(RxWiki News) It’s no new news that smoking can result in poor health conditions. And here’s another one to add to the ever growing list: cataracts.
A recent study looked at rates of age-related cataracts as a result of smoking. Results found that smoking did play a role in nuclear cataracts especially.
Juan Ye, MD, from the Department of Ophthalmology at Zhejiang’s 2nd affiliated University Hospital in China, led investigations into smoking and cataract risk.
Dr. Ye said, “Although cataracts can be removed surgically to restore sight, many people remain blind from cataracts due to inadequate surgical services and high surgery expenses.”
For the study, 21 studies were selected from a computer database that provided information on cataracts and smoking across five continents.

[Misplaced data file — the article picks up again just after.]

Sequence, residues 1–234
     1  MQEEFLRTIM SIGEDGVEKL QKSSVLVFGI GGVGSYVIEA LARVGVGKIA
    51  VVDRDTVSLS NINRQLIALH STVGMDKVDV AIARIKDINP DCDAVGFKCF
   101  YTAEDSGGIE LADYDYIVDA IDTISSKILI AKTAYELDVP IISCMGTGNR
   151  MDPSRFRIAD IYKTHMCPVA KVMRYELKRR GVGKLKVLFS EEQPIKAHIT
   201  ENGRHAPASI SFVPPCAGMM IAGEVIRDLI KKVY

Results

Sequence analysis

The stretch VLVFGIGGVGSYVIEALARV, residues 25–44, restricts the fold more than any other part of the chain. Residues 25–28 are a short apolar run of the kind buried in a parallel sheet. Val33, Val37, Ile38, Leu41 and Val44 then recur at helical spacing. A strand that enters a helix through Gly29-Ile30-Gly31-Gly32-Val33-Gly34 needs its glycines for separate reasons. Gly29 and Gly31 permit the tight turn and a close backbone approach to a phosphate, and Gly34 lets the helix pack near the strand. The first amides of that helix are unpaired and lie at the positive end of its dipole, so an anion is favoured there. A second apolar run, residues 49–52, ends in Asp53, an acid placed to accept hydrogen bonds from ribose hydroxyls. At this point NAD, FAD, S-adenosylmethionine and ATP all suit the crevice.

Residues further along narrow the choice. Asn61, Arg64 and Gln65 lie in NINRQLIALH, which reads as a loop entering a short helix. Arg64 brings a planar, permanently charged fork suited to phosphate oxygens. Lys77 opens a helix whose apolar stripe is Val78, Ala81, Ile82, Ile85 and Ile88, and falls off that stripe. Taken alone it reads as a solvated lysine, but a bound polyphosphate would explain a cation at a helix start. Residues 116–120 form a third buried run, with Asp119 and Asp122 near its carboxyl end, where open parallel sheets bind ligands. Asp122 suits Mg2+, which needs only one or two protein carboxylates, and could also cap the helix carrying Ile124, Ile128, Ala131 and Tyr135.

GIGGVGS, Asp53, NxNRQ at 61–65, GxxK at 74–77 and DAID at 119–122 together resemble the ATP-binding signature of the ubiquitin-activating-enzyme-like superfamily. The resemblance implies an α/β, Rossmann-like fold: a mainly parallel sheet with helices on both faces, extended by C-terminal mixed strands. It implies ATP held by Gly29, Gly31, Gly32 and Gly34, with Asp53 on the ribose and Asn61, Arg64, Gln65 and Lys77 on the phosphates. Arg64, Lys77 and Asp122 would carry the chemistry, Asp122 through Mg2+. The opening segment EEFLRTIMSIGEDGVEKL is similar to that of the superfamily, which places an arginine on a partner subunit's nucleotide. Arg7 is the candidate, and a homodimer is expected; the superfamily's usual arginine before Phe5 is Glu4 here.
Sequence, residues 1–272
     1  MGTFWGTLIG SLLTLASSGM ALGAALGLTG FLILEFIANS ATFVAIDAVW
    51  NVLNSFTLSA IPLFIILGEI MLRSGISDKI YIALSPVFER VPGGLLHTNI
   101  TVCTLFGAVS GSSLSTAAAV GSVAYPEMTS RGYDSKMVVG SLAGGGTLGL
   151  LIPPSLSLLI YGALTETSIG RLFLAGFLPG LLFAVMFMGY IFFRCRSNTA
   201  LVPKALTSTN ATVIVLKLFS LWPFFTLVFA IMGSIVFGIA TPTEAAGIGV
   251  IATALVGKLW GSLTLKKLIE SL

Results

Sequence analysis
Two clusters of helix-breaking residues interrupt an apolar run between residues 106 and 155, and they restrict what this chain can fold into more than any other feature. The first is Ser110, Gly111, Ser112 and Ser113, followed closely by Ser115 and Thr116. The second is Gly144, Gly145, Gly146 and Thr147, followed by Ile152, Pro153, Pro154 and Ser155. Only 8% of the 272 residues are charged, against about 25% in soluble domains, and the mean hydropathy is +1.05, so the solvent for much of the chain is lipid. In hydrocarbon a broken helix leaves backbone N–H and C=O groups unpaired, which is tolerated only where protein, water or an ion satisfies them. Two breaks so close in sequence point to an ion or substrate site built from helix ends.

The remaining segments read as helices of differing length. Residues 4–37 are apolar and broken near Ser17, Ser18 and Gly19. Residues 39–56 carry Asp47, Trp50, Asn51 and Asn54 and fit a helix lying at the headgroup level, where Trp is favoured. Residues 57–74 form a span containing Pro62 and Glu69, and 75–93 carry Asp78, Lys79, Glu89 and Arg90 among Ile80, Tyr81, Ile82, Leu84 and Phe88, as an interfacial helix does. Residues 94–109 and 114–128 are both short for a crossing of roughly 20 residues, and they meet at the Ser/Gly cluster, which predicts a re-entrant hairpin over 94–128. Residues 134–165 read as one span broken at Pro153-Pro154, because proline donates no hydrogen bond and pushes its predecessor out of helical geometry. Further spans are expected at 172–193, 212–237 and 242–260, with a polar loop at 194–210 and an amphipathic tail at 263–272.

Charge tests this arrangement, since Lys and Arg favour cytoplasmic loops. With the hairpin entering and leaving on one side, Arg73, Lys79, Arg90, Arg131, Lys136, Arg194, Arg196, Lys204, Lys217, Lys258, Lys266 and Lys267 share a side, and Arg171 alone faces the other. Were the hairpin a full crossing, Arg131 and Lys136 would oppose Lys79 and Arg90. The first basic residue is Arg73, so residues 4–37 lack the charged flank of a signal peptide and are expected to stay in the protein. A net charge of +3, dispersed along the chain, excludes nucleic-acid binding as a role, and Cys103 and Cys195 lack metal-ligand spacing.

When clouding of the eye’s natural lens occurs, it’s called a cataract.
Researchers looked for smoking links to three categories of age-related cataracts:
- Cortical cataracts, which is clouding of the cortex
- Nuclear cataracts, which is clouding of the central zone of the lens
- Posterior subscapsular cataracts, which is clouding of the back of the lens
Results showed that smoking increased the risk of age-related cataracts by about 40 percent to 57 percent. With nuclear cataracts, the risk was even higher with smoking increasing the risk by about 66 percent.
Cortical cataracts did not appear to be associated with smoking habits.
Dr. Ye said, “Identifying modifiable risk factors for cataracts may help establish preventive measures and reduce the financial as well as clinical burden caused by the disease.”
Authors of the study recommended further research to understand exactly how and why smoking effects cataract formation.
This study was published in Investigative Ophthalmology & Visual Science.
Funding for this study was provided by Zhejiang province Key Lab Fund of China, The Natural Science Foundation of China, and The National Science Foundation of Zhejiang Province of China.
No conflicts of interest were reported.